Economists interested in fair division emphasize general principles that underlie the fair allocation of resources, going beyond such precepts as "no envy." They also consider such specific issues as allocating the cost of constructing a shared road or a computer network among potential users, introducing incentives to modify undesirable human behavior, and distributing risk among communities faced with environmental hazards.
"The central issue is how we can get the participants in a scheme of fair division to behave in the right way and not manipulate the system to their own advantage," Moulin says.
Brams and Taylor offer mathematical recipes for solving a particular subset of these problems. "For divorce settlements and things like that, their methods have a lot of potential," Moulin remarks.
When mathematicians ponder fair division, they usually start with a cake. Suppose a thickly frosted, elaborately decorated birthday cake must be divided among several people. Different people may prefer different parts of the cake--the thickest pink icing for one, strawberry slices for another.
Is there a step-by-step procedure for cutting the cake into pieces so that each participant can guarantee his or her own satisfaction?
There's a familiar strategy for two persons: "I cut, you choose." The first person divides the cake into two pieces that appear equally desirable to him. The pieces may not seem equally desirable to the second person, so she picks the one she prefers. They both automatically end up with a piece that they think is at least as good as the piece they didn't get.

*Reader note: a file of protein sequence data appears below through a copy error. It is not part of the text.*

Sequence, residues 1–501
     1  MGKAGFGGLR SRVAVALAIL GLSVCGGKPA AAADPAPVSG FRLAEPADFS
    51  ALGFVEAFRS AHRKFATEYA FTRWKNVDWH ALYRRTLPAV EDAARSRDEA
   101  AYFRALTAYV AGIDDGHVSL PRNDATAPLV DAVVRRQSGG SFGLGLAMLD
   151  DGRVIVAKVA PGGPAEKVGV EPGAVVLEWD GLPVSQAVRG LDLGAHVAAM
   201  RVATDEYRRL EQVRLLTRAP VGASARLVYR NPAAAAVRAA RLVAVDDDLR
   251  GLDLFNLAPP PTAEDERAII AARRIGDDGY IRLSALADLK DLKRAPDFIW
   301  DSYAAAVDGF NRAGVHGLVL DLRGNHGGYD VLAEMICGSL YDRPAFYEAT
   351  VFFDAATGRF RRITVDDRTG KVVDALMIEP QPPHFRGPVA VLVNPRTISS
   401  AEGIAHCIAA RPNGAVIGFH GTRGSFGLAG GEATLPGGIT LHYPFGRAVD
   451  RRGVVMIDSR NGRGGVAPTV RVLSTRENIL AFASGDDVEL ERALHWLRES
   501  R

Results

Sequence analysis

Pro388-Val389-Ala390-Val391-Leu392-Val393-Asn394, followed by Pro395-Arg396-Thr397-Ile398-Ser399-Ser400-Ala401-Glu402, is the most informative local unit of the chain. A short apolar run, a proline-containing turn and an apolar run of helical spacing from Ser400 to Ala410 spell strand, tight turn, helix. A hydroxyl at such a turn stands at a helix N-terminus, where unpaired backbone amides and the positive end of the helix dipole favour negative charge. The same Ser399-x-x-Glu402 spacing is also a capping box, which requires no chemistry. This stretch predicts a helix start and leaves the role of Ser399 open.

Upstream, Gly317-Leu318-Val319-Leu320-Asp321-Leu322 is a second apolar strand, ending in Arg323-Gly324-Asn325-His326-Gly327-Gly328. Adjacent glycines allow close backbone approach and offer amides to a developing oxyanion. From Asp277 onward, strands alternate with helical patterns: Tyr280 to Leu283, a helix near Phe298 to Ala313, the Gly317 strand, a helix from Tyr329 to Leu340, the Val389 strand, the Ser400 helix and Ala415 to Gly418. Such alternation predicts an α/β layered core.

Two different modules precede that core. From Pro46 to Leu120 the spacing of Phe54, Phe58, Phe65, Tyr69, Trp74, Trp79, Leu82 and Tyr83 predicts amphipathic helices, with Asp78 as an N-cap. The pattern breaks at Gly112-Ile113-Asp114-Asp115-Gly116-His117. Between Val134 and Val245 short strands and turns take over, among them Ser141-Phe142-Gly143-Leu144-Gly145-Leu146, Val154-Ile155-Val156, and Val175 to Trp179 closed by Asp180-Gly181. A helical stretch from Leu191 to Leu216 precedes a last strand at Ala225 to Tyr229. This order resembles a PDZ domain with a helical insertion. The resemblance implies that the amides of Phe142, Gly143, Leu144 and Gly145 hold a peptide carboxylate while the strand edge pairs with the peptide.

The Convention of the Law of the Sea, which went into effect in 1994, incorporates such a scheme to protect the interests of developing countries when a highly industrialized nation wants to mine a portion of the seabed underlying international waters. The country seeking to mine would divide that area into two portions. An independent agency representing the developing countries would then choose one of the two tracts, reserving it for future use.
It's somewhat trickier to find an effective divide-and-choose procedure that's fair for three or more people. In the 1940s, mathematicians proved that such allocations are possible but provided no step-by-step method for doing so. By 1960, several such recipes had been developed for the special case of three people, but they didn't work for a larger number.
In 1992, Brams and Taylor invented a cutting and trimming recipe that achieved this sort of cake division for any number of people (see Envyfree Cake Division). Brams and Taylor proved that this envyfree strategy can be carried out in a finite number of steps, at the end of which the cake is completely apportioned, although somewhat mashed. The same routine can be applied in any situation in which the goods are, in principle, divisible into infinitely small amounts.
It isn't always possible to distribute goods by subdividing individual items. Divorce settlements often involve property that can't be split up easily, and some treaty or contract issues have no middle ground.
In recent years, Brams and Taylor have developed procedures for these situations. The starting point is a list of all the disputed items. Working in secret, each combatant ranks these items in order of importance. A mediator can then use the lists to figure out who gets what according to the stated preferences.